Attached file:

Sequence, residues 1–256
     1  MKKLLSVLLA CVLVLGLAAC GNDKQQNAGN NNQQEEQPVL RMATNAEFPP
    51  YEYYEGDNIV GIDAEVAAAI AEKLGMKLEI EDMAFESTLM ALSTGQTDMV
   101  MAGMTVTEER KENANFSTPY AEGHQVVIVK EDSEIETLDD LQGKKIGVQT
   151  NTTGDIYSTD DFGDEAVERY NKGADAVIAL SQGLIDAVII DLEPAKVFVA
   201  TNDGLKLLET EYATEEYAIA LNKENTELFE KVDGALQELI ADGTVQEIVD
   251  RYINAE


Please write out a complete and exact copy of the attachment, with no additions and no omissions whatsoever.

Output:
Sequence, residues 1–256
     1  MKKLLSVLLA CVLVLGLAAC GNDKQQNAGN NNQQEEQPVL RMATNAEFPP
    51  YEYYEGDNIV GIDAEVAAAI AEKLGMKLEI EDMAFESTLM ALSTGQTDMV
   101  MAGMTVTEER KENANFSTPY AEGHQVVIVK EDSEIETLDD LQGKKIGVQT
   151  NTTGDIYSTD DFGDEAVERY NKGADAVIAL SQGLIDAVII DLEPAKVFVA
   201  TNDGLKLLET EYATEEYAIA LNKENTELFE KVDGALQELI ADGTVQEIVD
   251  RYINAE